by Sarah Hemingway
For now we see through a glass darkly, but then face to face (1 Corinthians 13:12).
She was barely nine months old when he left. Her sister was almost three. They were just getting to know each other when duty called him away to the hellish chaos of Vietnam. No one could say for sure if he’d live to return to his beloved wife and two little daughters.
Committing him to the Lord’s keeping, they waved teary good-byes as his plane disappeared into the clouds. Now it was time to get on with the business of living, at least for awhile.
It reads like something out of a saga. Only I happened to be the heroine, and I surely didn’t feel like one. It was an awesome responsibility to raise two little girls alone for a year. Laura was almost three and Beki was then nine month old.
Other mothers had shared with me some of the pitfalls they’d been through. Their advice was to prepare for the fact that our baby wouldn’t even know her daddy when he returned. She’s just too young to remember, they warned. Don’t expect too much, another said. It’ll take time, but they’ll start all over again.
With that advice, I purposed in my heart to be different. I would do all I could to give my girls a sense of having a father, even if he wasn’t with them for months on end. Each day we talked about Daddy. We sent artwork and cookies to him and even made a tape or two. When the mailman brought a letter, it was a time for celebration.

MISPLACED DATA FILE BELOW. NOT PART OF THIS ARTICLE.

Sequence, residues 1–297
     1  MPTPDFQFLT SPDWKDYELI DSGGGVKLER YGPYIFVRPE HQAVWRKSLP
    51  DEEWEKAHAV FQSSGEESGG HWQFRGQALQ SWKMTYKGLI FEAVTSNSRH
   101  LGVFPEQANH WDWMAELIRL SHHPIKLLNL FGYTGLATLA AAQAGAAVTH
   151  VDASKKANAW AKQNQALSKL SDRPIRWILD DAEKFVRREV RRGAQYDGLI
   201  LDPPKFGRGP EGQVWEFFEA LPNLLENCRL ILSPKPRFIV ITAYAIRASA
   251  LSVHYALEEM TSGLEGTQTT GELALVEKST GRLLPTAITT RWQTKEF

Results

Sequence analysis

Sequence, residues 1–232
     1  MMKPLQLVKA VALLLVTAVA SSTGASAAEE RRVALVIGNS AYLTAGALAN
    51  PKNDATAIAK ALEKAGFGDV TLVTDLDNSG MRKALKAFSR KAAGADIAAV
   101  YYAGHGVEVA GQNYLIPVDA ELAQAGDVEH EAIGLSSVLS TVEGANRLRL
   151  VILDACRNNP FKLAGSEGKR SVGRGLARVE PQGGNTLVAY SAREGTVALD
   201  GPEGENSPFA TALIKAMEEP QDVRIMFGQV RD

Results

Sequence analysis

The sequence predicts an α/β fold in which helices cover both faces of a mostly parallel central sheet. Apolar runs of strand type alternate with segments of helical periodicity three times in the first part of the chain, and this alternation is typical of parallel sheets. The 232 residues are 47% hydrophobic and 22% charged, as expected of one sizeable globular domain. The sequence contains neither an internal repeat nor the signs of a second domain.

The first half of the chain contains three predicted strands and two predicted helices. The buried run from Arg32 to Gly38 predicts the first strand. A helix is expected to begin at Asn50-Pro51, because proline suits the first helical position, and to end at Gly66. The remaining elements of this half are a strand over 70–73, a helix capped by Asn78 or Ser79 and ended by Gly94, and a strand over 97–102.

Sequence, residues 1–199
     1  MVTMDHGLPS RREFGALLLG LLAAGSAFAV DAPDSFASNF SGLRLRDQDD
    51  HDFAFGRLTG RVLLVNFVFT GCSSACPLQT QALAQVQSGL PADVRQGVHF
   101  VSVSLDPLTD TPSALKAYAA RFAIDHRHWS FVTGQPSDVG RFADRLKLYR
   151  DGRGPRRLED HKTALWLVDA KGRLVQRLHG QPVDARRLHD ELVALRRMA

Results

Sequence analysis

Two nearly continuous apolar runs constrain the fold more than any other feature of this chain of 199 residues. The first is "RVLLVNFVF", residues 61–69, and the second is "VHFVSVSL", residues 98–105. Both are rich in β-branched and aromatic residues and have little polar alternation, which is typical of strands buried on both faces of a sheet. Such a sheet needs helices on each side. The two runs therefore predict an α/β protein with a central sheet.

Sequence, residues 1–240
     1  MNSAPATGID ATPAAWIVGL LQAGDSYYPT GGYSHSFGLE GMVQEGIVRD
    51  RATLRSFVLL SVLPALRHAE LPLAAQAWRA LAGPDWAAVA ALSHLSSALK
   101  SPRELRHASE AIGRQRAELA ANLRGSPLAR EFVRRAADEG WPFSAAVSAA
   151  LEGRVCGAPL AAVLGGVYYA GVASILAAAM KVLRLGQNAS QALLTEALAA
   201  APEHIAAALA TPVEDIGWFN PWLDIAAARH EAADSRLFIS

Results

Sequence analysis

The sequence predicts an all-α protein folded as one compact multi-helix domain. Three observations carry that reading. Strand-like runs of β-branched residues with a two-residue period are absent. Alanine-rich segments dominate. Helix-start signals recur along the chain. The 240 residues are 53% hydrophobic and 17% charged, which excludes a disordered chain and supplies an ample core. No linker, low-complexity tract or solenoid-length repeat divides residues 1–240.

Daddy would send the girls kisses (they smooched the letter and giggled), and once he was able to send little treats. But it was, after all, a war, and Dad had to be gone. We began a ritual every night. After dirty sneakers and sticky fingers were exchanged for bubble baths and storybooks, we all got together and prayed for us and for Daddy. And then each of the girls would kiss goodnight the picture of their uniformed dad.
So many nights I fell exhausted into bed. Sometimes I cried myself to sleep for want of a partner to help me raise these little ones. I refused to entertain the thought of his not coming back.
There was always that chance, but I prayed for the strength for each day, and each day brought enough to be concerned about. I did get discouraged with the voices that said, They won’t remember their dad. On especially wearing days, it was a temptation just to tuck them in bed, but we kept on with the prayers and kisses. Were they too young? I wondered.
Months passed and Beki was growing. While dainty Laura had begun walking at nine months, chunky Beki was now fifteen months old and a hefty armload–and she still wasn’t walking. We did pre-school, Moms and Tots swimming lessons, teething, and all sorts of pediatric ailments, along with picnics, Disney movies, and hopeless attempts at arriving at Sunday School intact, on time, and all of us not in tears!
Finally the day came for Dad to return. I could hardly contain my excitement. I’d spent months smocking a dress for Laura to wear to the airport and Beki was in her best pink dress. Soap and water had never done such an amazing job, and barring mud puddles, last minute vomiting, or wet training pants, we’d be reunited in high style. The voices continued, “Be prepared. They’re so young. They won’t know him. Give them time.” I prepared for the worst, but oh how I hoped for the best.